There are many opportunities to meet with others interested in travel, and I’ve long held that the only way to succeed as an expert traveler is to share with and learn from others. But even the best conferences can be a wasted effort if you don’t think carefully about what you hope to gain from attending. I use the term “conference” loosely and include things like the Chicago Seminars, Frequent Travelers University, MegaDOs, and TBEX (Travel Bloggers Exchange) from which I recently returned.
I’m sure some exist I haven’t even heard of. TBEX was something I just learned about nine months ago, and that was probably the first sign I shouldn’t go. I don’t regret attending — I was looking for something different to see what I was missing. But I’ve answered that question now. Coincidentally, a reader asked me to expand on which travel conferences are worthwhile, so I decided to write a post on the topic. This post isn’t really meant to say which are good or bad, though I do reflect on personal experiences. My real goal is to tell you what they’re about so you can make your own decision based on your interests.
First, understand that there is more to the world of travel than miles and points. Nearly everyone on BoardingArea is a miles and points blogger; those who don’t blog about them probably still use them privately. Entire conferences like FTU are devoted to them. But at TBEX, I was a rarity. More than one person I spoke to had no clue. “Points and miles? I’ve heard of those. How do they work?”
These people are destination travelers. And I developed the following contrast to explain my blog to them: I probably won’t write anything about Toronto because the city itself is irrelevant to my content. My goal is to review the flights, review the hotels, and provide some suggestions for both on whether you should pay or redeem points to get the most value. I assume that you’ve already decided you want to go to Toronto or Hong Kong or London and just need to know the best way to do it. Maybe I will inspire a few to change their destination, but it’s not the goal when I write.
The economics of destination travel are hugely different. Without a clear understanding of miles and points, credit cards become far less relevant to their content, but banks have the most advertising dollars.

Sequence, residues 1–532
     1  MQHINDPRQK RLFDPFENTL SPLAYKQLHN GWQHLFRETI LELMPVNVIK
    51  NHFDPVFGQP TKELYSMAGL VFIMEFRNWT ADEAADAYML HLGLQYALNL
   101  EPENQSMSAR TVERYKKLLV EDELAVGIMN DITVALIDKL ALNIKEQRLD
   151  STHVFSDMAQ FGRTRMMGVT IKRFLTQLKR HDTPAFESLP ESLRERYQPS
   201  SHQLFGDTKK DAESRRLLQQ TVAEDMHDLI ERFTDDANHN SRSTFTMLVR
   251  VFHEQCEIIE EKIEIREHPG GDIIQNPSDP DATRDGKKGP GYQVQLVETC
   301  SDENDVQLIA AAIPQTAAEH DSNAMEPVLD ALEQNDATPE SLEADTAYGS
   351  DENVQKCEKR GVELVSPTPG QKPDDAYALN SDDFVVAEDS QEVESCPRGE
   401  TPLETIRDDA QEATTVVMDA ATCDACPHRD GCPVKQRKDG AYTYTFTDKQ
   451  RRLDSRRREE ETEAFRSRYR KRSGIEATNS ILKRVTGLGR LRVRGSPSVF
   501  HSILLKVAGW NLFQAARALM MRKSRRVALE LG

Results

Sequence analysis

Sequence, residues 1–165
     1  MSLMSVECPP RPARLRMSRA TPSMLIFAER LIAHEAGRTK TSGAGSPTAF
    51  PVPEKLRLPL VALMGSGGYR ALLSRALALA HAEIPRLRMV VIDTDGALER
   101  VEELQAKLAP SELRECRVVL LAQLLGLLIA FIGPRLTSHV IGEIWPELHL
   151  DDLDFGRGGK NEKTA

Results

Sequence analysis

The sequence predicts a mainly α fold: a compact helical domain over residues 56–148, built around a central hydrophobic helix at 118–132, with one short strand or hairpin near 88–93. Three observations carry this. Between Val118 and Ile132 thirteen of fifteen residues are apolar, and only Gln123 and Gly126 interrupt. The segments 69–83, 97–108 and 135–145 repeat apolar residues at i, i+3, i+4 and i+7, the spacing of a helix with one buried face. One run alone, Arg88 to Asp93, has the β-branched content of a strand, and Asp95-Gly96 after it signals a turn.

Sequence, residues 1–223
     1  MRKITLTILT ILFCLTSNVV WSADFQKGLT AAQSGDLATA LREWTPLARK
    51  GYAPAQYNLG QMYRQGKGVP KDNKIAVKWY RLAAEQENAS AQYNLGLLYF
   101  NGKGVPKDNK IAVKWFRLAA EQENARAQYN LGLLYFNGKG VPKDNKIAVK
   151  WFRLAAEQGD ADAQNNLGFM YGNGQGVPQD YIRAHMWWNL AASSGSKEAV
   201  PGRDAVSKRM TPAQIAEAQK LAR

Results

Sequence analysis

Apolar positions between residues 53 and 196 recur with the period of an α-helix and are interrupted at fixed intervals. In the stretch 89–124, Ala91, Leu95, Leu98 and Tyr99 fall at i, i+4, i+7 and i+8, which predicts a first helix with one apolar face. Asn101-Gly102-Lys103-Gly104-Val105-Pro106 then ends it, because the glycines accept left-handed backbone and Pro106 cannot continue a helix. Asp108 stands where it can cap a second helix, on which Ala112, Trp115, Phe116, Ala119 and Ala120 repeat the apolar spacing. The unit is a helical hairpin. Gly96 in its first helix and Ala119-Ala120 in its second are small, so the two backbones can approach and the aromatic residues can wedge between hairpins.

Many of the people I met were backpackers or other budget travelers. I learned new terms like “FAM trip” (familiarization) in which a tourism board will actually pay to fly you out so you can see and write about a destination. Some had even tried to get a local hotel to comp their stay in Toronto in exchange for a review, something I never considered. I don’t want a discounted rate if I’ll lose out on points and stay credit! I also met a lot of people staying at hostels. That’s fine, but their audience is completely different from mine.
So while being able to talk to fellow budget travelers, tourism boards, hostel chains, and clothing companies may work for them, I found myself at a loss for what to do. I did have a productive talk with Starwood and lunch with Hyatt. In other cases it was hard to convince tourism boards that all I wanted to do was learn about their destination, not hit them up for a free trip. A few other BoardingArea bloggers were in attendance, like Loyalty Traveler and Rapid Travel Chai, but I think the conference better fit their content, not mine. TBEX was well organized for what it was and had some awesome parties, so maybe it’s worthwhile if you’re interested in that.
Points and Miles
So lets switch back to points and miles, with which I’m more familiar. I’ve talked before about the increasing focus on credit cards vs. other ways to earn and burn. You may have your preferred method, and I have mine. Neither one is better, which is exactly why I think focusing too much on one is a mistake in my opinion. Mine is not a good strategy for all people, either.